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Print 36 comment(s) - last by Zuul.. on Jan 11 at 1:56 PM

Phone is Nokia's first phone "built for and designed for the North American market"

As expected, Nokia Oyj. (HEL:NOK1V) -- the world's largest phone-maker by volume (when feature phones are included in the mix) -- made a push on Monday to stay relevant in the smartphone market with the new Nokia 900.



The Nokia Lumia 900. [Image Source: Nokia]
 
I. Nokia Enters America... Or Re-enters it?

Nokia's VP of Communications Susan Sheehan made an amusing stumble, commenting at the opening of the press conference that the Lumia lineup was "Nokia's entry... (stutter) reentry into the wireless market in North America."

But to be honest the first statement was probably the most accurate -- Nokia hasn't been relevant in the North American market since the days when there wasn't much of a market.

Nokia kicked off the conference with old news.  The Nokia 710 was launching on Deutsche Telekom AG's (ETR:DTE) T-Mobile USA, America's fourth largest mobile carrier, on January 11.  Priced at $50, Nokia pitches that the phone, "Brings an unparalleled combinations of quality and price to the American market."

Likewise, Nokia talked about how its Nokia 710 and snazzier color plastic Nokia 800 have been trinkling out to various non-U.S. markets worldwide.


The Lumia 800
The Nokia Lumia 800. [Image Source: Nokia]

But the big ticket item of Nokia's presser was the Lumia 900.

II. The Lumia 900 -- Bigger is Better

The Nokia Lumia 900 follows the chic Android cliche of "supersizing and 4G".  It essentially takes the Nokia 800, bumps the screen size to 4.3 inches, and adds an LTE modem, plus a beefy 1830 mAh battery to support the new blazing but hungry communications chip. As we mentioned over the weekend, a 1.4GHz processor, 512MB of RAM, and 16GB of storage space is in the mix as well. The screen also saves power via circular polarizing display tech., branded as Nokia's "Clear Black" feature.

Lumia 900

New Nokia CEO -- and ex-Microsoft Corp. (MSFT) camera employee (and "Trojan horse" according to some) -- Stephen Elop cheered the device.  He comments, "We believe that the industry has shifted from a battle of devices to a war of ecosystems...[The Nokia 900 is] a smartphone designed and delivered specifically with the North American consumer in mind...[It is] the first real Windows Phone built for and designed for the North American market."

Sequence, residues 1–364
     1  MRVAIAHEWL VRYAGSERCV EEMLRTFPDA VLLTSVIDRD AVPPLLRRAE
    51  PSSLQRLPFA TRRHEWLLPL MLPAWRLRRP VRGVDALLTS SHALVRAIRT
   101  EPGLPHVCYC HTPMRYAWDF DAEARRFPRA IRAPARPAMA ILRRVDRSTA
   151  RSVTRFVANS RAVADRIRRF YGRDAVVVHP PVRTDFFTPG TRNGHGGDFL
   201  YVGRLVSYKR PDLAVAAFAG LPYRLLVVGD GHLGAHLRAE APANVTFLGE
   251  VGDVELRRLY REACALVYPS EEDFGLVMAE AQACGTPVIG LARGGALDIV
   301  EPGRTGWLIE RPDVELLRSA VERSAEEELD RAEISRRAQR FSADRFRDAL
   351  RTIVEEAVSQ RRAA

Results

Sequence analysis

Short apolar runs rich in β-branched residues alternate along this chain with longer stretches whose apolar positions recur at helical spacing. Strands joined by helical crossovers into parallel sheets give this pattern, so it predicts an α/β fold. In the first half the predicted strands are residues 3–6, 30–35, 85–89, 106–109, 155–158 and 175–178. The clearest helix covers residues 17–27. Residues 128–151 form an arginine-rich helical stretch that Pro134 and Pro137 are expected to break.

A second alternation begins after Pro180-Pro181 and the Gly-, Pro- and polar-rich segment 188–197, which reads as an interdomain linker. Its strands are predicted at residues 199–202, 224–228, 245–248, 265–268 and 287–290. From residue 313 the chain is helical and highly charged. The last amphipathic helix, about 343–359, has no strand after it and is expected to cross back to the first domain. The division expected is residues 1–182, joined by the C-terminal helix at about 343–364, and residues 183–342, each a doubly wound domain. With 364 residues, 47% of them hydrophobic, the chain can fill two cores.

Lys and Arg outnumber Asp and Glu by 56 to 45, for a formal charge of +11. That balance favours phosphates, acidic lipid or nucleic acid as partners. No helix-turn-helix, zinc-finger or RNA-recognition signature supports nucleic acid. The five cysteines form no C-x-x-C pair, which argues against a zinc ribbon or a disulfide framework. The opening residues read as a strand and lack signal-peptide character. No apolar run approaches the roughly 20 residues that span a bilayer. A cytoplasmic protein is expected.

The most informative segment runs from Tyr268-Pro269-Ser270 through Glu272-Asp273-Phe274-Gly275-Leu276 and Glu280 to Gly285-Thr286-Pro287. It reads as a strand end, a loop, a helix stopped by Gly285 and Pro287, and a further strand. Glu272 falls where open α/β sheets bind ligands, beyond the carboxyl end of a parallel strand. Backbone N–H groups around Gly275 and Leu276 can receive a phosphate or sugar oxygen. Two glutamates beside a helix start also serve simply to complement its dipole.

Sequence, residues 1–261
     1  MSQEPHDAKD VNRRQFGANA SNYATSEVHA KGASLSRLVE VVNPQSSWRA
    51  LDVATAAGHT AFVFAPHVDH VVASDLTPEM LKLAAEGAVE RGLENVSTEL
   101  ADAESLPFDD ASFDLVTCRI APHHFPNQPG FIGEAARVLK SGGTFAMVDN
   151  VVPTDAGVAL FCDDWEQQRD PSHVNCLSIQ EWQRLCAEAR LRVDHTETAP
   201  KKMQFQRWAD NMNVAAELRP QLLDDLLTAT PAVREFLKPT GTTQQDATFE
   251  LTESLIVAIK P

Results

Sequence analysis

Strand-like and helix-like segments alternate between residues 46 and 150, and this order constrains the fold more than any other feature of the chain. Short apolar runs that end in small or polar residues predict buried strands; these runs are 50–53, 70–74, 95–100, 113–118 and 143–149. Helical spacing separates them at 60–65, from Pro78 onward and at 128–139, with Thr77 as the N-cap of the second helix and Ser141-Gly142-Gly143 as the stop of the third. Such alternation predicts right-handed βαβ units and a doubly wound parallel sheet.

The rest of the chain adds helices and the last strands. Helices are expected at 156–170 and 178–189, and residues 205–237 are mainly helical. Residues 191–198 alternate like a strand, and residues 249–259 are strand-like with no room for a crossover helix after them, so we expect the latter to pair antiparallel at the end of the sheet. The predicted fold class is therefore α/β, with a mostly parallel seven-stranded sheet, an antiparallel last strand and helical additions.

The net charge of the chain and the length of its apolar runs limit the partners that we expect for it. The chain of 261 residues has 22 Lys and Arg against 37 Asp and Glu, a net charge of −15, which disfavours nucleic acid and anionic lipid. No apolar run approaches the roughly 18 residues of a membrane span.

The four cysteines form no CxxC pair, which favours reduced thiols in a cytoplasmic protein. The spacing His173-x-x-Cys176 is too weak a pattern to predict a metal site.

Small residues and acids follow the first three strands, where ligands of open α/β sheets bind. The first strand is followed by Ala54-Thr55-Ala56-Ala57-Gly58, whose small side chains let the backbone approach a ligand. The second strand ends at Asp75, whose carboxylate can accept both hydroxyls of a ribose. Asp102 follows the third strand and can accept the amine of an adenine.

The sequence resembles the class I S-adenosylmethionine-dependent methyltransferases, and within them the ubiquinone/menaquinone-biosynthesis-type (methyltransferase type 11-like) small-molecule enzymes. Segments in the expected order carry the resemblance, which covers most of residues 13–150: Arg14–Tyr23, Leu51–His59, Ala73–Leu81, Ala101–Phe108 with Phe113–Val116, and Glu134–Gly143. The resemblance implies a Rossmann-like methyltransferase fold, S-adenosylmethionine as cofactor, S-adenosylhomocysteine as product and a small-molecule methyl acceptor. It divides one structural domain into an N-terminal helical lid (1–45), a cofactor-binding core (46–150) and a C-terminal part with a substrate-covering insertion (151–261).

Elop w/ Lumia in Hand

A couple of other pertinent tidbits were tossed out by Mr. Elop.  The new phone will use Nokia's proprietary injection-molded polycarbonate casing to deliver black and cyan Lumia 900s whose "color is inherently innate to the material, not cheaply painted on the outside."

The phones will also have some pretty nice optics.  On the rear is a F2.2 wide angle lens, with dual aspect ratio support.  On the front is a F2.4 lens, which Nokia seemed particularly proud of.  The company brags, "The front camera of the Nokia 900 let's in as much light as the back camera of nearly of nearly every other smartphone out there."

Lumia 900 camera

The phone will be carried by AT&T, Inc. (T).  In a bit of fan service to tech news fans everywhere, Nokia managed to squeeze Stephen Elop, Microsoft CEO Steven Ballmer, and AT&T President Ralph de la Vega all on one stage.

Ballmer w/ De La Vega and Stephen Elop

III. Nokia's Big Lumia 900 Suffers From Soft Launch

Sadly, the launch was very soft, with many of the most criticial deals left unsaid.  Price was not discussed other than Mr. Elop's nebulous assurance that it would "aggressive. " The launch time was stated as "in coming months" (about as ambiguous a phrase as you could think up).

Mr. Elop says part of the challenge of selling consumers on Windows Phones is explaining to them that the fastest CPU does not necessarily mean the best performance.  He comments, "Quad-core doesn't mean quad-performance or quad-user experience."

Of course it's hard to sell a product that doesn't exist yet, so Nokia better move aggressively to drop its Lumia 900 on the American market ASAP, particularly with HTC Corp. (TPE:2498) preparing to drop its own HD, LTE Windows Phone -- the HTC Titan 2.

All images © of Jason Mick and DailyTech LLC.


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RE: Big 800
By Zuul on 1/10/2012 10:51:42 AM , Rating: 2